American producer and production executive Richard D. Zanuck, the son of illustrious production executive Darryl F. Zanuck, began his career in the story department of 20th Century Fox while still in college. Later he became the vice president of Darryl F. Zanuck Productions, in charge of the company's U.S. productions when his father became an independent producer and moved his operations in Paris. When his father again took over the helm at Fox, young Zanuck was made vice president in charge of all productions. He gained complete control in 1969, but during a heated proxy battle was forcibly removed from the presidency. Between 1971 and 1972, he served as the company's senior executive vice president but subsequently quit to co-found a company with David Brown. Among the Zanuck-Brown company's top-grossing films were The Sting (1973), Jaws (1975), Cocoon (1985), Driving Miss Daisy (1989), and Deep Impact (1998). Together, Zanuck and Brown earned a number of accolades over their long careers, including the Academy of Motion Picture Arts and Sciences Irving G. Thalberg Award in 1991, and the David O. Selznick Lifetime Achievement Award from the Producers Guild of America in 1995. Zanuck died of a heart attack at age 77 in 2012.
Biography by Sandra Brennan
- Attended his first Oscar ceremony at age 7.
- As a 9-year-old, despite being the son of movie mogul Darryl F. Zanuck, he got a job selling copies of the Saturday Evening Post.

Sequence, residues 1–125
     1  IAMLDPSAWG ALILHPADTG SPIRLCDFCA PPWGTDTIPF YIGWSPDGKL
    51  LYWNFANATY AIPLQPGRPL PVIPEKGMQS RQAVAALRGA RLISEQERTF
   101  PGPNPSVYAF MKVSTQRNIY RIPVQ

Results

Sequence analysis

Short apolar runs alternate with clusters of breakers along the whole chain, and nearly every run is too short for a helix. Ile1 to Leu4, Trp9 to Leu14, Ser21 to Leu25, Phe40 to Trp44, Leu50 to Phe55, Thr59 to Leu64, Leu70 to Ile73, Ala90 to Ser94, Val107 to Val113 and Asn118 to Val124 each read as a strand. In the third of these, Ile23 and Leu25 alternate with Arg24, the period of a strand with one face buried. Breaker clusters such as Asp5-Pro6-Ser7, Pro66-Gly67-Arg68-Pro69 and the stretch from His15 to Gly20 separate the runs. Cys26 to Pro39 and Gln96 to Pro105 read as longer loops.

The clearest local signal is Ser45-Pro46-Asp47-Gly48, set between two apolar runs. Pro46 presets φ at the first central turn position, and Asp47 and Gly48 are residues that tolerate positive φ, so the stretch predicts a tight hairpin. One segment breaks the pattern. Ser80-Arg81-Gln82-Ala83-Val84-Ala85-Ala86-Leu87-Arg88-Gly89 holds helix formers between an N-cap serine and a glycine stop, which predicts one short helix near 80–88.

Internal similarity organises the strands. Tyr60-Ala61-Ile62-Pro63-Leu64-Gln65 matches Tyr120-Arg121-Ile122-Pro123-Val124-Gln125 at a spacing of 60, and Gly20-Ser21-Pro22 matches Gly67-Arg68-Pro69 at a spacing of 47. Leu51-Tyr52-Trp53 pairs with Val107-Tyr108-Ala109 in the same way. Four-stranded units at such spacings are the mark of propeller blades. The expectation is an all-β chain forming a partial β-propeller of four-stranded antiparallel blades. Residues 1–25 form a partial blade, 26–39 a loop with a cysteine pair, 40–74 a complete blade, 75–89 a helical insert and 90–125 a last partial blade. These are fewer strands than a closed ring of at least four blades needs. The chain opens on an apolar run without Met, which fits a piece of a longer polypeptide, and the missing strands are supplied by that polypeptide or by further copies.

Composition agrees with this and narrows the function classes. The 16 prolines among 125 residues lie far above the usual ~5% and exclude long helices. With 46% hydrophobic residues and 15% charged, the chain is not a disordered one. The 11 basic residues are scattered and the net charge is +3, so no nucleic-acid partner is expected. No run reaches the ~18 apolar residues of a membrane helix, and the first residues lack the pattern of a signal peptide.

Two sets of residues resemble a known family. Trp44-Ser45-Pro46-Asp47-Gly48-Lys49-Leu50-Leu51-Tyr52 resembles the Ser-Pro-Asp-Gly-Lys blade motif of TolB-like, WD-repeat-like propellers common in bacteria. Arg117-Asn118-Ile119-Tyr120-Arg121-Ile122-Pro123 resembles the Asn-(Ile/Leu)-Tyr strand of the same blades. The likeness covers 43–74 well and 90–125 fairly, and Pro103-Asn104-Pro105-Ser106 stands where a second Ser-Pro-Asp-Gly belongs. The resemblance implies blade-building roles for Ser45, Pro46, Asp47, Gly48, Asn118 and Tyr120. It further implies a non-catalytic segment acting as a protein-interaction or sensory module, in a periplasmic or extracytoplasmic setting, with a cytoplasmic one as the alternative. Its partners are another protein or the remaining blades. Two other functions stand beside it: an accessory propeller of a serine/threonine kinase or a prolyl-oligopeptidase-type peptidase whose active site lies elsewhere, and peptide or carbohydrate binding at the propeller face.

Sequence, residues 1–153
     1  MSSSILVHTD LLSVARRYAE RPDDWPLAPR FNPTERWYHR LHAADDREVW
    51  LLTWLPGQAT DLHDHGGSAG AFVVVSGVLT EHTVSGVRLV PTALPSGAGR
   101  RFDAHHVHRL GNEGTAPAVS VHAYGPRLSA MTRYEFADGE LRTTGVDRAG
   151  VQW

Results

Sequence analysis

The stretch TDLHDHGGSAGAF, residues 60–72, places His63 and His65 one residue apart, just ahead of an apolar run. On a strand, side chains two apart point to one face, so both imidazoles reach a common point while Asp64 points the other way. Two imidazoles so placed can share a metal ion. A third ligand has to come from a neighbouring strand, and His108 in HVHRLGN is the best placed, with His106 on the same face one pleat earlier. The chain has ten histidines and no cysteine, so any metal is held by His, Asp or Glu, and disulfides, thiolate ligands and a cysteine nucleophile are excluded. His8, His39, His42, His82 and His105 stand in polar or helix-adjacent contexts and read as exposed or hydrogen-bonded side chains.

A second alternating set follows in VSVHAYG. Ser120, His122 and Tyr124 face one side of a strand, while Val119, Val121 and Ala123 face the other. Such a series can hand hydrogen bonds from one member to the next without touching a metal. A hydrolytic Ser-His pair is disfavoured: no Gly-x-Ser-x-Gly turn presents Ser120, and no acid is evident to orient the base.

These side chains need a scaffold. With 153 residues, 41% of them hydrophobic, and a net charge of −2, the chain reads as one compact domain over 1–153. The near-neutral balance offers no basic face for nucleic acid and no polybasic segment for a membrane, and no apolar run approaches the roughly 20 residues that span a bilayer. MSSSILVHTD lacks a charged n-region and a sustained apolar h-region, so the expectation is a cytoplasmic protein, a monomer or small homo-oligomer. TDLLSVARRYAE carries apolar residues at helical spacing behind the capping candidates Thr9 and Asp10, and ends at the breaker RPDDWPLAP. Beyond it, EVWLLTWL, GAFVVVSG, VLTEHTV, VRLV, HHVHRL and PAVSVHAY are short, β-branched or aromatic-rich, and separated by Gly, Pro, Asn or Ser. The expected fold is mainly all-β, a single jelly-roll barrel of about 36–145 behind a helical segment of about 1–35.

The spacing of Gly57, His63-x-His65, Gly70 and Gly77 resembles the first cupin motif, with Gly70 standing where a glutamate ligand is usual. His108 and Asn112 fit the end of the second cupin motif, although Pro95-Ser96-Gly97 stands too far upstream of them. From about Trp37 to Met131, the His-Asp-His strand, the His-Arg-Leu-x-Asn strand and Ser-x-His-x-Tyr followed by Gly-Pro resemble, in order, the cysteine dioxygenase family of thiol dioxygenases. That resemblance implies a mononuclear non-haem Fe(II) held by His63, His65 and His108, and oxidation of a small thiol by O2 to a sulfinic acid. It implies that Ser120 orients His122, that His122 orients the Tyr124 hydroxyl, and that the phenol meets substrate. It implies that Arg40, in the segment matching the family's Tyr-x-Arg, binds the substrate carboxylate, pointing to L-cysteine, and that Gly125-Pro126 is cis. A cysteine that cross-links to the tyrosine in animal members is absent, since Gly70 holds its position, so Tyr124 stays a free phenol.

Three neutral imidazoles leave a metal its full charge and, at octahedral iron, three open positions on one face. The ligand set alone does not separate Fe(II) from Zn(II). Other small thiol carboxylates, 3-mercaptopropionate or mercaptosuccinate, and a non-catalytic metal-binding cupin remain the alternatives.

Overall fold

- Got the job as head of production at 20th Century Fox in 1962, when his Paris-based father asked the then 28-year-old for recommendations to fill the slot, and Richard presented him with a piece of paper that had one word written on it: Me.
- At that time, he was the youngest studio head of production in history.
- John Gregory Dunne's 1969 book The Studio chronicles one year in Zanuck's life at Fox.
- In 1970, was fired from Fox by his father after the son had produced a number of musical flops for the studio.
- Produced the 72nd Annual Academy Awards show with his wife, Lili, in 2000.
- Between 2001 and 2012, he produced six of director Tim Burton's films.
- Is the subject of a 2013 documentary, Don't Say No Until I Finish Talking, the title of which is a play on his father's autobiography, Don't Say Yes Until I Finish Talking.